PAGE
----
Health Professionals

“Because of my Kelee meditation practice, now I can be fully present and open when I’m with a patient,” says UCSD physician Dr. Amy Sitapati. “I can shut off thinking about what’s in my inbox or my emails.  And because I’m calm, I notice that patients are calmer and less fearful. What comes out of that are things I didn’t think I’d ever hear from patients: a vivid description of a childhood trauma, a fear of death, perhaps heartache.  More often now, they discuss the bigger, underlying issues that may be impacting their health. ”

Kelee meditation was developed 25 years ago by California author and teacher Ron W. Rathbun, and is the subject of a study recently completed at The University of California, San Diego by Dr. Daniel Lee. Participants in the study who did the practice exhibited promising drops in levels of anxiety, stress and depression as measured by standard psychological questionnaires such as the Depression, Anxiety, and Stress Scales (DASS) and Beck Depression Inventory (BDI). When UCSD doctors and nurses saw the positive changes in participants, some became interested in learning to do Kelee meditation themselves, which requires two five-minute sessions a day. As a result of their Kelee practice, they report that they are delivering medical care differently now.

UCSD clinical research nurse Edward Seefried agrees that doing KM has helped him to stay present with what patients are telling him. “Now I respond in a more thoughtful and personalized way,” he says.  “For example, sometimes a patient will say, ‘I’m fine,’ but because of the Kelee practice, I can now pick up that they’re not fine, and I may comment on that. Often they will then tell me what’s really going on. They’re relieved that I can sense where they’re at and that I want to know. “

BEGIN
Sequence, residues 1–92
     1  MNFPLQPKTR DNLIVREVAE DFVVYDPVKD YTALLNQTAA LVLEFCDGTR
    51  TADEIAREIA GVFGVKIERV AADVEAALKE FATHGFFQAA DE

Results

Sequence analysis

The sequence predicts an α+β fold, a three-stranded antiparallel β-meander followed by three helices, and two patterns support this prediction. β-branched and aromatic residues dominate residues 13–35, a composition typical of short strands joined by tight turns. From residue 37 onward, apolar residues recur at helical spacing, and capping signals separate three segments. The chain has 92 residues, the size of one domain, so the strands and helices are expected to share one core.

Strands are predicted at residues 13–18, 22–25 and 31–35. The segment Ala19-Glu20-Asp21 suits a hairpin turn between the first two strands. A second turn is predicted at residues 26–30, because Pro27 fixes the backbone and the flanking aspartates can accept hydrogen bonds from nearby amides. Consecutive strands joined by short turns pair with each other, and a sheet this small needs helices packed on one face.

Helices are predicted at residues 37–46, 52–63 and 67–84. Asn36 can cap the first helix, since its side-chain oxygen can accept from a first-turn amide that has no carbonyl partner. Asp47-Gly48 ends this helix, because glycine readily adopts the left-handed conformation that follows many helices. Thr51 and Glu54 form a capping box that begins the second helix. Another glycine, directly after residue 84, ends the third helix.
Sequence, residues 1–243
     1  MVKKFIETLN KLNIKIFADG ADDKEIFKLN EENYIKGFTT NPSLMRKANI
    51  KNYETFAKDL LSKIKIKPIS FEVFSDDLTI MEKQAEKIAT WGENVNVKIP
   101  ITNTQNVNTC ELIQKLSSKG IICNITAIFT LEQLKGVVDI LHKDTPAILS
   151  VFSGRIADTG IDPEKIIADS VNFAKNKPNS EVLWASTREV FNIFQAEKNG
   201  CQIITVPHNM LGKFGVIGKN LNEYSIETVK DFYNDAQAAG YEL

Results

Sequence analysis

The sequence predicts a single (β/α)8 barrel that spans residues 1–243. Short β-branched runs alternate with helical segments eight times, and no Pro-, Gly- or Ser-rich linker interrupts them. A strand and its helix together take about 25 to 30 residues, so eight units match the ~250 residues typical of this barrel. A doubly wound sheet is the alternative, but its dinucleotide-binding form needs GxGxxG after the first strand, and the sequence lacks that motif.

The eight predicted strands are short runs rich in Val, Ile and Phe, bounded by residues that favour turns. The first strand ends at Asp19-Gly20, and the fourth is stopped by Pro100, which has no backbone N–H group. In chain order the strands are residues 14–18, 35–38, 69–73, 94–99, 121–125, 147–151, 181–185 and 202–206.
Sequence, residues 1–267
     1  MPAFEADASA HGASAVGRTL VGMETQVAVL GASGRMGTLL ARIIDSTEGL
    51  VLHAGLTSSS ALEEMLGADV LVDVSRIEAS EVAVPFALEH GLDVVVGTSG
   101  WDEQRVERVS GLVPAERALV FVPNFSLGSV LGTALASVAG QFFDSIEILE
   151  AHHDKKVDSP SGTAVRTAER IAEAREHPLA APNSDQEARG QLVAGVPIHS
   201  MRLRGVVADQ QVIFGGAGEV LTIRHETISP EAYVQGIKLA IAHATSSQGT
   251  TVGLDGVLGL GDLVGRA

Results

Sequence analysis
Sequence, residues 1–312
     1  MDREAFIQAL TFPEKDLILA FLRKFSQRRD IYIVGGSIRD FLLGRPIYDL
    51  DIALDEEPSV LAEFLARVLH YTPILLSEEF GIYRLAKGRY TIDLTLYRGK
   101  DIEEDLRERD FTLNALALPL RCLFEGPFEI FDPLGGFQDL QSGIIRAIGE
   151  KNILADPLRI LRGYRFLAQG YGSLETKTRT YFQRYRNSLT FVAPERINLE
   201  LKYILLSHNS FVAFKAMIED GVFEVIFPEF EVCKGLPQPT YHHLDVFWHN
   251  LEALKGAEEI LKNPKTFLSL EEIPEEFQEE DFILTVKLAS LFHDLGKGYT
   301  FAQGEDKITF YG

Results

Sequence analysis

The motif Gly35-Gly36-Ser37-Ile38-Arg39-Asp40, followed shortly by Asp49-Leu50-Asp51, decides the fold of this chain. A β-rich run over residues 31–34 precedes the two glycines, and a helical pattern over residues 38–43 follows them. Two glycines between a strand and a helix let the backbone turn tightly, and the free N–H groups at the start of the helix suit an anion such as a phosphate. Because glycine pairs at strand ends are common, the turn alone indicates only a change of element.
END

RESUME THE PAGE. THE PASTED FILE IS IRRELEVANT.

Susan Cahill, also a UCSD clinical research nurse, says, “Since learning the Kelee practice, I’m more efficient in my work; I don’t spin off on tangents. At the same time, I don’t become consumed with my job as I used to when I often worked overtime or came in on weekends.  I also notice a feeling of collegiality and respect with other nurses and doctors who are doing the Kelee practice.”  UCSD Nurse Practitioner Tari Gilbert notes that doing the Kelee practice has helped her to prioritize at work and also to avoid being “drawn into” someone else’s dysfunction, whether it’s a patient’s or coworker’s. She also notes, “I’m happy to be off the asthma meds I used to take before doing KM.” Echoing the comments of other health professionals doing Kelee meditation, Ms. Gilbert says, “Doing KM has benefitted me hugely and therefore has benefitted my patients.”

— Anita Carol Smith, writer, teacher, Kelee practitioner since 1997